One of the trickiest things about being human is that you only get to see the world from one perspective. This is relevant not just for the reasons that philosophers love to ponder, but also because it makes putting yourself in someone else’s shoes really hard.
And it’s not getting easier. As we’ve gained tools to reach larger and more diverse audiences, putting yourself in their shoes has simultaneously gotten much harder and much more critical.
After all, if you’re only fashioning tools for members of your village, you understand intuitively how they’ll be used. But when your potential audience is global—living in contexts and locations you can’t even dream of—you’re far from an average user.
And yet, while potential audiences are growing, the world each of us inhabits online has only shrunk, thanks to what my friend Eli Pariser calls the filter bubble.
When I was writing emails for MoveOn.org, it was easy to assume our 7 million members were following every legislative development as closely as I was. Except that was, of course, nuts, since following politics was my job, not theirs. They had their own lives to attend to.
I knew this intellectually, but even so, resisting the urge to think of myself as normal was really hard. Whenever I logged onto Facebook or the blogs I followed, I was surrounded by a (relatively tiny) group of people just like me. And even though I knew it was only a few hundred people, it didn’t feel tiny. It felt like my whole world.
So how can you counter this innate, very human belief in your own normality?
First, always keep your audience in mind. At MoveOn, I’d think about writing to my mom’s friends. They weren’t representative of all MoveOn members, but they were a lot closer to average than I was. And when I recognized that my intended audience’s experiences were simply too far from my own for me to imagine, I’d ask for help from others who were more representative, either personally if I knew them, or by survey if I didn’t.
Then, and this is critical, don’t just assume that your guess was right. Even when we try to think about the world through others’ eyes, we’re generally not very good at it. Your guess is only a hypothesis. It’s data that proves your hypothesis right or wrong.
And as I learned, asking the people around you if your hypothesis is right is no substitute for real data. It’s no accident that those people surround you, and they’re probably no more representative of your intended audience than you are.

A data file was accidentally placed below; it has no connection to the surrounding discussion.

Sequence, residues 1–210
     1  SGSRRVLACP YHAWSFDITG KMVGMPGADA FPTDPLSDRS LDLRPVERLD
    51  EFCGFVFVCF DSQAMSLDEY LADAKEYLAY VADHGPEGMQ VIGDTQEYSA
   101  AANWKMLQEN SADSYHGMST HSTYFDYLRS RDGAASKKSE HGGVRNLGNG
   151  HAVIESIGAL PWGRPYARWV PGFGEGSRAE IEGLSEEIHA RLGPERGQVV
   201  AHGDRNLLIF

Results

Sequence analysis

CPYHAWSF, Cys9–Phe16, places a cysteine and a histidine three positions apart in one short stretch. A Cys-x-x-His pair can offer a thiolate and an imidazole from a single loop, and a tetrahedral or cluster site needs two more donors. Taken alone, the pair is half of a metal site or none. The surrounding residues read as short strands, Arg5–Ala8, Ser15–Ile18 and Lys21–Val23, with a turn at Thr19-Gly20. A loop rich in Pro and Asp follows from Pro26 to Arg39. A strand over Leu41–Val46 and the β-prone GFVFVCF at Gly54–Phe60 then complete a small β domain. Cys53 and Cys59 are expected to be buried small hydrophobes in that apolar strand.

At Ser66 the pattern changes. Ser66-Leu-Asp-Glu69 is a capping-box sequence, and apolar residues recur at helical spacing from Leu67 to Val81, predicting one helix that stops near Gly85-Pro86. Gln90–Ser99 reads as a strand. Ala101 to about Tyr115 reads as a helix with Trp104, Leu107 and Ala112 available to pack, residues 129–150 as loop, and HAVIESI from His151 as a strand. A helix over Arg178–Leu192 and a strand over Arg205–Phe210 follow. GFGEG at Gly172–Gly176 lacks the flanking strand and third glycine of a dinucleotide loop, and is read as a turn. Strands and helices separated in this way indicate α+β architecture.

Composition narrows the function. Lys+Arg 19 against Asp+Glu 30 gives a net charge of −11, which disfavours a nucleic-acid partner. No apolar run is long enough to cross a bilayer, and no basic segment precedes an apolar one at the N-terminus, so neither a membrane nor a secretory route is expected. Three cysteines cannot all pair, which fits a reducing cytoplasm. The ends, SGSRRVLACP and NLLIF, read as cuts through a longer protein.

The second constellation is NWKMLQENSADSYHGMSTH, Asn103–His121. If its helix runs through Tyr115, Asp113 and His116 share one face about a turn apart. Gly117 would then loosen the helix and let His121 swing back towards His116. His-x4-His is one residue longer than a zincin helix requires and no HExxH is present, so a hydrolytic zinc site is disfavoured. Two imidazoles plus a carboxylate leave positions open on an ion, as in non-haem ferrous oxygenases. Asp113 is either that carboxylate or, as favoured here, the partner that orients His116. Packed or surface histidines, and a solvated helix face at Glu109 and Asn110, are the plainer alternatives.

Because while the internet demands that we enlarge the scope of our empathy enormously, it’s also made data to aid us readily available and highly actionable. While you have to imagine yourself in an ever-wider range of shoes, you have better tools than ever to make sure they fit.
So, if you’re an engineer and you think users will suffer through a less-than-smooth onboarding process, I encourage you to check the data about your sign-up funnel. I think you’ll realize very quickly that your willingness to stick it out isn’t normal.
If you’re a writer and you’re sure that readers are loving your 3000-word essay because they clicked on its headline, see how many made it to the bottom of the page. You may love #longform, but, chances are, you’re not normal.
If you’re in marketing or sales and are sure it’s time to vary your message--that prospects must be as sick of your lines as you are--survey and see if it has even penetrated the consciousness of the average user. You may be sick of it, but you’re not normal.
Saying that you need to empathize with your audience doesn’t mean compromising your vision. Your vision is a big part of why you’re not normal, after all. But it does mean that your vision alone won’t suffice.
The goal, as MoveOn’s co-founders Wes Boyd and Joan Blades put it, should be "Strong Vision, Big Ears." The goal should be to embrace the fact that you’re not normal, while remembering that great software is an act of empathy. Empathy, that is, and data.